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Fasting and Abstinence

Abstinence from Meat

All Catholics 14 years and older must abstain from meat on the Fridays of Lent, Ash Wednesday, and Good Friday. The law of abstinence prohibits eating the flesh, marrow, and blood products of such animals and birds as constitute flesh meat. In earlier times, the law of abstinence also forbade such foods that originated from such animals, such as milk, butter, cheese, eggs, lard, and sauces made from animal fat. This restriction is no longer in force in the Roman rite. Vegetables as well as fish and similar cold-blooded animals (frogs, clams, turtles, etc.) may be eaten. Amphibians are relegated to the category to which they bear most striking resemblance.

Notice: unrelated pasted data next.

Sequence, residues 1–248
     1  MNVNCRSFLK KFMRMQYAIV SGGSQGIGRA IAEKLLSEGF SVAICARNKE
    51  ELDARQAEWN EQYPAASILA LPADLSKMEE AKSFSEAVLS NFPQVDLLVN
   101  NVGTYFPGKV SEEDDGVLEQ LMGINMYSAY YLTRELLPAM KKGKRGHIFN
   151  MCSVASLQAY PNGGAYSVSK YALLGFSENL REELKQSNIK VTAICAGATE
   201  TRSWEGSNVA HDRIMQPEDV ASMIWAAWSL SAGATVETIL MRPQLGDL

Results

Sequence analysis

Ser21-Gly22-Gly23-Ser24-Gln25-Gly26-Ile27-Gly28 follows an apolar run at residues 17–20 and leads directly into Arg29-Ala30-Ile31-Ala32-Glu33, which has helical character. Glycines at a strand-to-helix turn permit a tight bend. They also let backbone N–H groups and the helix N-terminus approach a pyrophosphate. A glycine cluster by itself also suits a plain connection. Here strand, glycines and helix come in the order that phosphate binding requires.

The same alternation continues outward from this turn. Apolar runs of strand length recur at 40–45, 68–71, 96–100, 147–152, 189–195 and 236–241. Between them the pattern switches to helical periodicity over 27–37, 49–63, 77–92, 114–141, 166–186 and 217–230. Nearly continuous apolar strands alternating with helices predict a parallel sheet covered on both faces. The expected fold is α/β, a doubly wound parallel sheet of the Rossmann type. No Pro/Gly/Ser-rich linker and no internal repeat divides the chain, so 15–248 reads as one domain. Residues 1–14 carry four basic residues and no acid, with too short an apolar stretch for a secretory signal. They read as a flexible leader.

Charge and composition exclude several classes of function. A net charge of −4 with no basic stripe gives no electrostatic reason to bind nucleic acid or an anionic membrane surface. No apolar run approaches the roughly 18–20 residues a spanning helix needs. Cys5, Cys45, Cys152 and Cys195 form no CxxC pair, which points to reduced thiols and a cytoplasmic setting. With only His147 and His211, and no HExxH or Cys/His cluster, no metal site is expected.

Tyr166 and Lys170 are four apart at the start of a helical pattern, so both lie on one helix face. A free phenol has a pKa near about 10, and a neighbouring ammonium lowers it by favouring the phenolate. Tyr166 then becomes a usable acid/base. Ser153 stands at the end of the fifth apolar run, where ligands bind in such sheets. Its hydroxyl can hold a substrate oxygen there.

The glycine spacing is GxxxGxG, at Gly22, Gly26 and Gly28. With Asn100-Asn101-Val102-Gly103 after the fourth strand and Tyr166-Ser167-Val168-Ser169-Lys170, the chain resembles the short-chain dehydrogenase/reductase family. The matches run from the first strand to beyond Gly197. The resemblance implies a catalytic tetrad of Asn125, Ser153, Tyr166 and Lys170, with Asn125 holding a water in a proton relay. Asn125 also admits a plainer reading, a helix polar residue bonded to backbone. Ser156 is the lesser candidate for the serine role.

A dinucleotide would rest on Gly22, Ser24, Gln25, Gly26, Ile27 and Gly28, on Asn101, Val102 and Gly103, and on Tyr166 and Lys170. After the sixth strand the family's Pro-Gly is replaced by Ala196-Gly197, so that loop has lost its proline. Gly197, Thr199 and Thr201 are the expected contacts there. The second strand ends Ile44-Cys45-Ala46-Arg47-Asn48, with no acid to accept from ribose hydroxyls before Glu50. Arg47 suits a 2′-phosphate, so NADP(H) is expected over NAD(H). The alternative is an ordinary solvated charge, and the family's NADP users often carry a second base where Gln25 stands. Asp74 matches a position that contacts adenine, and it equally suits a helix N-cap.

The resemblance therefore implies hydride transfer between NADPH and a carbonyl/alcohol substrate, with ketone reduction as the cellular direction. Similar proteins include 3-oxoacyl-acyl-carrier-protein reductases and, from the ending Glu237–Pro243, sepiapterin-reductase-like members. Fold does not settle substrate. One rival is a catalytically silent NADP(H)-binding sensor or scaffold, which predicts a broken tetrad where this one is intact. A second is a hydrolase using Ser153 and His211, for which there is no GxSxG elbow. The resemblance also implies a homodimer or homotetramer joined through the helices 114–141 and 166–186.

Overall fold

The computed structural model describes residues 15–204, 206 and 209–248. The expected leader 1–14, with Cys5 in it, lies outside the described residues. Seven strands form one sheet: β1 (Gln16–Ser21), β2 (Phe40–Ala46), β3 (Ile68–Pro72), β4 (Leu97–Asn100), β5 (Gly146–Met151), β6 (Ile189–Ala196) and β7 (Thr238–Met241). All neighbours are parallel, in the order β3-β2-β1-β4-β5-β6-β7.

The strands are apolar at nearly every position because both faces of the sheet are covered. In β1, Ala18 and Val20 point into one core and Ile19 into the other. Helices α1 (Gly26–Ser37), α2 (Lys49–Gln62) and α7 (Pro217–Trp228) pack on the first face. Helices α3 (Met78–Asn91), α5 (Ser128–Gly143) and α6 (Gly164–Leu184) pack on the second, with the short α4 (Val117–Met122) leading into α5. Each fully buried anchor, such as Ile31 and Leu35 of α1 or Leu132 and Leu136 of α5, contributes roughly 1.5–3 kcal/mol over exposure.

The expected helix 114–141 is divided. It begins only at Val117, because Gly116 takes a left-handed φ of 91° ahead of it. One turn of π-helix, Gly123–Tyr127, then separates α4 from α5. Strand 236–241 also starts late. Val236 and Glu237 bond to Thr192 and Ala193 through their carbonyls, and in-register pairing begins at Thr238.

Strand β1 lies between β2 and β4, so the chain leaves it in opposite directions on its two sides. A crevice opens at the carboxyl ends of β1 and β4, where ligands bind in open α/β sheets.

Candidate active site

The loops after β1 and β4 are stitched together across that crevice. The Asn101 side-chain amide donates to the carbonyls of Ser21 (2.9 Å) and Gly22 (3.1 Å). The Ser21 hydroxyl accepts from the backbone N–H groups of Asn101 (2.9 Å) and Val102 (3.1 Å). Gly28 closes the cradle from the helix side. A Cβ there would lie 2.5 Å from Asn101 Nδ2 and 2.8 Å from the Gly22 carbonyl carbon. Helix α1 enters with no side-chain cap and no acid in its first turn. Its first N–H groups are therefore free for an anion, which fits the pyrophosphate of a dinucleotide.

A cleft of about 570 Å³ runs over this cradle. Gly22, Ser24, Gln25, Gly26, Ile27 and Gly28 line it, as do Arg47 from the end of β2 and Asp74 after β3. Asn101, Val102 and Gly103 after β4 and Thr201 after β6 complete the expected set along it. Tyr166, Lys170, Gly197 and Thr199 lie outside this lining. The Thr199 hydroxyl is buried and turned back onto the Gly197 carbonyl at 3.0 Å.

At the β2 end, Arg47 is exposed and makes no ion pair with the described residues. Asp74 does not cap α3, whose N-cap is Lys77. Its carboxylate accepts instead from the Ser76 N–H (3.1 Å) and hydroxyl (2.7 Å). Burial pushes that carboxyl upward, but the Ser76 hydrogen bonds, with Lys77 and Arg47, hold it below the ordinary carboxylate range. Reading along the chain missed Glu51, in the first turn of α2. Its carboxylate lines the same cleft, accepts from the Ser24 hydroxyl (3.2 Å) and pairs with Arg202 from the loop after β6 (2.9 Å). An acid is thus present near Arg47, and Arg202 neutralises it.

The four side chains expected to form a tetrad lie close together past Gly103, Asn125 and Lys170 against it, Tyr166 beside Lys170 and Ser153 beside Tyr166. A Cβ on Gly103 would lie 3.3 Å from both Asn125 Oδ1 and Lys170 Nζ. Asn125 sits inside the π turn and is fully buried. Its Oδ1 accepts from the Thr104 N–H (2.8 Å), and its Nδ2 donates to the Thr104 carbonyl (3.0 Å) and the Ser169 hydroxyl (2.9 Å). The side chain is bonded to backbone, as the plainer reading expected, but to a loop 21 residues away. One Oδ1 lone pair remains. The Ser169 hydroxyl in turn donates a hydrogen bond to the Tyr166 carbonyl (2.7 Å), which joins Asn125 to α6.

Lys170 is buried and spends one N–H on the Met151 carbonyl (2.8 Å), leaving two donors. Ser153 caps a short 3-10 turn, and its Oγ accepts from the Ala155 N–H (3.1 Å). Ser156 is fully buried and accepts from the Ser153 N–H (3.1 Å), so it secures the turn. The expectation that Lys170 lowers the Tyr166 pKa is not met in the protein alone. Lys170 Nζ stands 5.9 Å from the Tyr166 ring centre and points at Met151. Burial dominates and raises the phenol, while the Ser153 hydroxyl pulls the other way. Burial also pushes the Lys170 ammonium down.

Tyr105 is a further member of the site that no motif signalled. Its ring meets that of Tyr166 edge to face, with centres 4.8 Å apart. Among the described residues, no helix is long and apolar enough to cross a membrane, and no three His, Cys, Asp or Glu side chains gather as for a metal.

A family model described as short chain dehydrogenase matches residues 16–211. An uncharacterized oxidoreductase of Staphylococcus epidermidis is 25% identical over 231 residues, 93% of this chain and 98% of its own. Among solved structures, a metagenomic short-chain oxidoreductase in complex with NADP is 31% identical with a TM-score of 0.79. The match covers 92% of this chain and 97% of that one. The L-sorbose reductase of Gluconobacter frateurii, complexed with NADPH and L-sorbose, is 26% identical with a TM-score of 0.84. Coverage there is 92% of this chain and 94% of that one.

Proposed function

Fasting

All Catholics between the ages of 18 and 59, are to fast on Ash Wednesday and Good Friday. The Church's current law of fasting permits only one full meal per day, and two lighter meals that together equal less than a full meal. While the consumption of solid food between meals is forbidden, liquids, including tea, coffee and juices, may be taken at any time.

The Eucharistic fast is for one hour before reception of Holy Communion and allows the taking of water and medicine only.

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